Jewish Affairs - Chanukah 2016

Whereas the Rosh Hashanah issue of Jewish Affairs concentrated on the South African Jewish community and its history, to mark the community’s 175th anniversary, this issue has a more general focus, with articles looking at aspects of, amongst other themes, Diaspora Jewish history, Israel and the Holocaust. Veteran contributor Bernard Katz adds a new instalment to his “A Brief Journey through….” series of skilfully crafted potted histories of major European Jewish communities, this time looking at the Jews of France. The stirring, and little-known story of the formation of specifically Jewish military units to fight the Nazis is recounted by Barbara Rigden’s Rabbi B M Casper and the formation of the Jewish Infantry Brigade in World War II. Honey Gluckman  tackles the broader subject of Judaism and modern science, looking what many see as being a growing congruence between modern-day scientific discoveries and traditional Jewish teachings.  

There remain several items of South African Jewish interest, however. They include Philip Krawitz’ engaging overview of leading Jewish businessmen, who combined economic success equally with impressive philanthropic efforts, Karen Marshal’s appreciation of her late sister, the eminent sculptress Naomi Jacobson, and the first part of Stuart Buxbaum’s life of his uncle, Dr Hartwig Buxbaum. The latter deals with Buxbaum’s early life in pre-World War II Germany, and the sombre circumstances that compelled him and other close family members to flee their homeland and settle in South Africa. Zita Nurock’s short story ‘Holocaust Echoes’ deals with the lingering legacy of the Shoah. 

The book reviews primarily deal with items of South African Jewish interest, including Ralph Zulman’s appraisal of a newly-released biography of iconic radio personality John Berks. New poetry is contributed by Charlotte Cohen, Pamela Heller-Stern and Rodney Mazinter.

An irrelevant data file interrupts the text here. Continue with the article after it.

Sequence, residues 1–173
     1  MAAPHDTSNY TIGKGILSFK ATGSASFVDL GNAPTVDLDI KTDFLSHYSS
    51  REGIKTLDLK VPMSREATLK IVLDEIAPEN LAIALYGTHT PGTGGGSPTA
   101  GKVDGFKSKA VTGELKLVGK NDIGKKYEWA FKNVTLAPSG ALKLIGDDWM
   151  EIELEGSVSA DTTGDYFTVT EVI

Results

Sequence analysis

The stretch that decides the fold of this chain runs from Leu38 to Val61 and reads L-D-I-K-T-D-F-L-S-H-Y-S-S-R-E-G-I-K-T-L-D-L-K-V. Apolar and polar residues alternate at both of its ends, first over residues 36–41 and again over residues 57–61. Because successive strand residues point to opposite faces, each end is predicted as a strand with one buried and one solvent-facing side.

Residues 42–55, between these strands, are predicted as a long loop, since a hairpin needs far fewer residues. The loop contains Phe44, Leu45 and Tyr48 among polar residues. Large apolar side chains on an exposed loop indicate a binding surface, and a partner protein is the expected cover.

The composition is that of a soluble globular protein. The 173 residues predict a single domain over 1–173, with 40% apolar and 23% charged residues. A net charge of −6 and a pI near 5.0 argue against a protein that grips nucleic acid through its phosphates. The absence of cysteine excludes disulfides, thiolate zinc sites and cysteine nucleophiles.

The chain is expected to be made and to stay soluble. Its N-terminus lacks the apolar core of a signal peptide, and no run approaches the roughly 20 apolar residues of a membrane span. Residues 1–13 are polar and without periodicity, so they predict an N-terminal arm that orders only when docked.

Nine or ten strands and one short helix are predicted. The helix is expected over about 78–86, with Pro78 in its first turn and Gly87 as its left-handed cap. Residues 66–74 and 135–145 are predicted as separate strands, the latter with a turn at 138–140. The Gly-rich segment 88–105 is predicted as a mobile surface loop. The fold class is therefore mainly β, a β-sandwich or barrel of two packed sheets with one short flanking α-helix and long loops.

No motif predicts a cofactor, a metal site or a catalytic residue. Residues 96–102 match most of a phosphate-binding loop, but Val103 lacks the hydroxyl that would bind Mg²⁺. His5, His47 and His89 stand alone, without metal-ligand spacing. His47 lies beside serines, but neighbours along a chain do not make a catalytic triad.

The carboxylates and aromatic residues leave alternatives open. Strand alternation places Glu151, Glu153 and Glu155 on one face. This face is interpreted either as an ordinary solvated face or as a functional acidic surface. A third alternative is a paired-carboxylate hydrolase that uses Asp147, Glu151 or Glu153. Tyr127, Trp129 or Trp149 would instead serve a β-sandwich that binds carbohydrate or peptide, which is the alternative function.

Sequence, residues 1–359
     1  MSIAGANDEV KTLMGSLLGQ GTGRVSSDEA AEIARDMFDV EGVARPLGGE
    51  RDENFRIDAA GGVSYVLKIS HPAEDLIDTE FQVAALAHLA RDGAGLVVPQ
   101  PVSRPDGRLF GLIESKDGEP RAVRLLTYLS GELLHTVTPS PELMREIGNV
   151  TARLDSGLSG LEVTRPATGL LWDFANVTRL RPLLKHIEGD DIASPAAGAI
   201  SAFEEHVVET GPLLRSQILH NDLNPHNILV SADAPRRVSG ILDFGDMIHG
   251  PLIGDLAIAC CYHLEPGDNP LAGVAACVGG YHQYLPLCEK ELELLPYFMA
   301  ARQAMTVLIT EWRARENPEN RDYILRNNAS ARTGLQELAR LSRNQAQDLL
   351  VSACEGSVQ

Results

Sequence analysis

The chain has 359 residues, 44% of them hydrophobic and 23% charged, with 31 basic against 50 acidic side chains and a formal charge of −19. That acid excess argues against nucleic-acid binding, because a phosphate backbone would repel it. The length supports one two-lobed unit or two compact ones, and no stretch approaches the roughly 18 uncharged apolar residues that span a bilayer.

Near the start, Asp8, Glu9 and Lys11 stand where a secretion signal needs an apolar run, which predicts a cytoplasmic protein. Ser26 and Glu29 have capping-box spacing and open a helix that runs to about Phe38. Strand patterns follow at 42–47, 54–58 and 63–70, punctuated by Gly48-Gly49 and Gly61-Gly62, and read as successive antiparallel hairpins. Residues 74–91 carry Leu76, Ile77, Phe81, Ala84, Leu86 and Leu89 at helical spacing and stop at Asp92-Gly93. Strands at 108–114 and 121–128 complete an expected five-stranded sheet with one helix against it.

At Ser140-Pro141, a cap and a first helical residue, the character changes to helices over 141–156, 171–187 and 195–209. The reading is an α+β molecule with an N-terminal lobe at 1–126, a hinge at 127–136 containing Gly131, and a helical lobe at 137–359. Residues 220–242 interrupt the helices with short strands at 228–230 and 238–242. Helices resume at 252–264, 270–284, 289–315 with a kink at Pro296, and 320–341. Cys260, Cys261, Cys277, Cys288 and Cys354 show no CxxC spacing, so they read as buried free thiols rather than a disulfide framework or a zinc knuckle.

Eugene Delacroix’s famous 19th Century painting of a Jewish wedding in Morocco was chosen as this issue’s front-cover image because of its relevance to the article ‘The Farhud vs the Nakhba’ by former Israeli diplomat Zvi Gabay. The article describes the still little-known saga of how the de facto ethnic cleansing of Jewish communities in Arab-speaking countries that took place in response to the Zionist movement, particularly after the birth of the State of Israel. Also on an Israel theme, Rodney Mazinter provides a useful summary of Benjamin Pogrund’s important study, Drawing Fire: Investigating the Accusations of Apartheid in Israel. 

On behalf of the editorial board of Jewish Affairs, I wish all our readers a productive, and safe, December break.

David Saks, Editor

Recent Articles

No basis for Israel-apartheid analogy

Confronted with the charge that Israel is equivalent to Apartheid South Africa, it is tempting simply to retort that it is probably the only country in the Middle East that is not an apartheid state. One could further make an ostensibly compelling case as to why this is so. Take the example of Iran, where the only non-Muslims allowed to become Members of Parliament are those elected by their respective communities to the five seats reserved for religious minorities. Does this not call to mind the separate seats for ‘Bantu’ and ‘Coloured’ representatives elected on separate voters’ rolls in the apartheid parliament? In Yemen, there reportedly remain restrictions on Jews with regard to places of residence - Group Areas Act?

Campaign spurs antisemitic actions

At the opening of this year’s “Israel Apartheid Week” (IAW), former President Kgalema Motlanthe warned the BDS organisers of the event against allowing antisemitism to creep into their campaign: “Antisemitic actions couched in the language of human rights, and disguised by its discourse cannot be countenanced. Such actions not only undermine the humanity of a people, and entrench a painful history, but also serve to undermine our commitment to principled and moral action. It is crucial that the struggle for human rights and an end to oppression be absolutely severed from such religious intolerance and bigotry.”